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I was just reading Victoria A. Brownworth’s newest Huffington Post piece, “Why Do Straight Feminists Hate Lesbians?” and I wanted to send off a Tweet, but then I realized that what I wanted say could not be crammed into 140 characters.

In reading through the comments, there were a lot of indignant women who said that they were feminists who said they supported the LBGTQ community and gay rights and the whole enchilada. Which kind of proves Brownworth’s point: these straight feminists support lesbians as members of the gay community, not as fellow women. To make the point more directly, these self-proclaimed straight feminists who support the LGBTQ community are “othering” lesbians right to Brownworth’s face.

Perhaps they took umbrage at the title–hate is an awfully strong word. Would fear have been more appropriate or accurate? Probably, but since fear is a prelude to hatred, I don’t Brownworth was out of line. But I do want to talk about fear.

Why should straight feminists be afraid of lesbians? Because straight women still want to be attractive to men, and in doing so, they also want to make feminism less threatening to men. So, Brownworth was spot-on when she called my fellow straight feminists and myself for saying shit like, “I’m a feminist, but…” I’m sure I’m guilty of at some point saying that, even if I can’t remember it off the top of my head just now. But the point I want to make is that these women are being naïve; there are men who embrace feminism, and there are men who view feminism as threat, and guys who land somewhere in between. The guys that view feminism as threat will not be persuaded by lame attempts at sugarcoating, so why are we bothering? Because as straight women, we still buy into antiquated notions of man-pleasing.

Brownworth also makes a good point that contemporary feminism has been mired in single-issue politics with an emphasis on how they relate more directly to straight women–namely abortion, but I’ll throw contraception in there for good measure. However, I think it’s because the ascendance of the Tea Party has made attacks on abortion and contraception access a policy priority. With that, I can see where the needs of lesbians have, at best, become an afterthought.

There is something else I’ve noticed before, and it’s this: our cultural frame of reference for lesbians is painfully narrow, and our social support system for them is woefully undernourished. Here in Chicago, our big gay neighborhood is called “Boy’s Town.” It’s a big city, I know there’s lesbians out there–I’ve gone to school with them and I’ve worked with them. So where’s Lesbianvillle, USA? For the most part, when we take about supporting the LGBT community, we’re talking about gay men. Let’s face it, gay men are still men, and we still live in a society where being able to pee standing up means you get to rule the world. In the bigger context of TV and movies, lesbians are relegated to being objects of fetish (if attractive) or ridicule (if unattractive).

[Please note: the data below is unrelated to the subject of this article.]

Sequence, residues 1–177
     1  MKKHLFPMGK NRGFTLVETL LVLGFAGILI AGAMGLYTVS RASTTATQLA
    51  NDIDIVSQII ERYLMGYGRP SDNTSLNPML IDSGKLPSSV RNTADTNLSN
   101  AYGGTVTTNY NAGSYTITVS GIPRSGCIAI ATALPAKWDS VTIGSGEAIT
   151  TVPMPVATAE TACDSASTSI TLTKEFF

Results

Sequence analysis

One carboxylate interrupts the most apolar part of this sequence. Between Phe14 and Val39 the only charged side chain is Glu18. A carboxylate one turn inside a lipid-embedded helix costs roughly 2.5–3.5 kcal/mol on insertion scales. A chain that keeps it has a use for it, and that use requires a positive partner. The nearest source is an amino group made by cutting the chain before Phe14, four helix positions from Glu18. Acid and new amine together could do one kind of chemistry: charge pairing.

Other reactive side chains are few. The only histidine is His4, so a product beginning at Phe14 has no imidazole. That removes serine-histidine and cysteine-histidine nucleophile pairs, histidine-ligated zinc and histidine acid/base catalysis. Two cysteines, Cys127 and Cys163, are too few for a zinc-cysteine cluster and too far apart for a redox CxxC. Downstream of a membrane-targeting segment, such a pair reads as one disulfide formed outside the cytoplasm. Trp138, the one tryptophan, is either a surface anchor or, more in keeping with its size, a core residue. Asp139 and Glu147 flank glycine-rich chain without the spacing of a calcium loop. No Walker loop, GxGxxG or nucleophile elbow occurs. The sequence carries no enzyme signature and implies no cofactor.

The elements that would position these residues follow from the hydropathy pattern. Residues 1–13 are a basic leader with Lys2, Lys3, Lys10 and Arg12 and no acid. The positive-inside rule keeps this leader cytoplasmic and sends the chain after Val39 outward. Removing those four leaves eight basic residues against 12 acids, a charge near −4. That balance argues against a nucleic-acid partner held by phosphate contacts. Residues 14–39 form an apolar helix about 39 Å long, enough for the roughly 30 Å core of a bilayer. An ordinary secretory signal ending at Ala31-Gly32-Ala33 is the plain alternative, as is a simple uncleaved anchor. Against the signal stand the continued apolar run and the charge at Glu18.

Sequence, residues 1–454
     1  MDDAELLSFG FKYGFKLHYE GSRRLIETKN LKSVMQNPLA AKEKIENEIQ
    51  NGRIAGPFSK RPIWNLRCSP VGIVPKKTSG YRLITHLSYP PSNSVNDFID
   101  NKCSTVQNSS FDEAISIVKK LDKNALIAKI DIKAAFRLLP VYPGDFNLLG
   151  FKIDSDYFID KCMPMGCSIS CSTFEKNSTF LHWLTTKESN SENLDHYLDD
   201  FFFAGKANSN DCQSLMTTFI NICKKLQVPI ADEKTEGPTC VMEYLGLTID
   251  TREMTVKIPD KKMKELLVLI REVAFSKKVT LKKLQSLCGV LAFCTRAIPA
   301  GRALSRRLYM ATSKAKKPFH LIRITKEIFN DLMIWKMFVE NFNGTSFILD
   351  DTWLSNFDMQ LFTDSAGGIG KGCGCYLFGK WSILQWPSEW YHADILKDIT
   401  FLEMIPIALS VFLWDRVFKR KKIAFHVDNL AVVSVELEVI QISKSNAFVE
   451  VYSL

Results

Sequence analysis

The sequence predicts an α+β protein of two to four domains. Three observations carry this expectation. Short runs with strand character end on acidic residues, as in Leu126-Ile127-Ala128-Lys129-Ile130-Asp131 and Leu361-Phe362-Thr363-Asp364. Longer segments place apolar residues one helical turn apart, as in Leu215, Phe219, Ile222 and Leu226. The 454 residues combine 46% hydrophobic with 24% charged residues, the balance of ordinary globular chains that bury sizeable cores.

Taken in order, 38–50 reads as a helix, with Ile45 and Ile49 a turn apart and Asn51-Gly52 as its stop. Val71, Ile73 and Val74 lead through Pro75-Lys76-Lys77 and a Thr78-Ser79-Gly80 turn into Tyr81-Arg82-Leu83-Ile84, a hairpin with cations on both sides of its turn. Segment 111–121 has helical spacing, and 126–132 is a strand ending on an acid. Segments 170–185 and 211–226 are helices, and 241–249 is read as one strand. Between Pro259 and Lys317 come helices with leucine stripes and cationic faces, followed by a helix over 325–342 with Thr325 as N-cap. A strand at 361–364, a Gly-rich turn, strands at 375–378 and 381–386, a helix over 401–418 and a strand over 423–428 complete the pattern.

Perhaps I’m more sympathetic to what Brownworth has to say because of what I’ve witnessed: I worked with a young bisexual woman a few years ago who was in relationship with a woman. Some guys at work were hassling her, and it was just like Brownworth described: You need a real man, etc. I did tell the woman I worked with that if she wanted to report anything, I’d have her back, but she didn’t want to, and I never said anything because I felt I would have betrayed her trust. Also, by her own account, even outside work, I got the impression that she and her girlfriend couldn’t even go out for coffee without someone shooting their mouth off. (Really, why do so many straights just need to know who the is “man” and the “woman” in gay relationships?) Also, when I was first discovering feminism, some of the first things I read were by Camille Paglia and Andrea Juno. While Paglia certainly has her own eccentric views of feminism, she really did open my eyes to the broader scope of sexuality. Juno’s Angry Women series, where she interviewed female authors, artists, and musicians was, for me, a more direct introduction to lesbian culture. The gay and bisexual women that Juno interviewed all seemed to have these stories about being harassed and/or assaulted for their orientation. On the flipside though, they also had these amazing stories of coming together and looking out for each other.

To me, that’s what really makes feminism interesting: women looking out for each other. And damn it, lesbians are women too.

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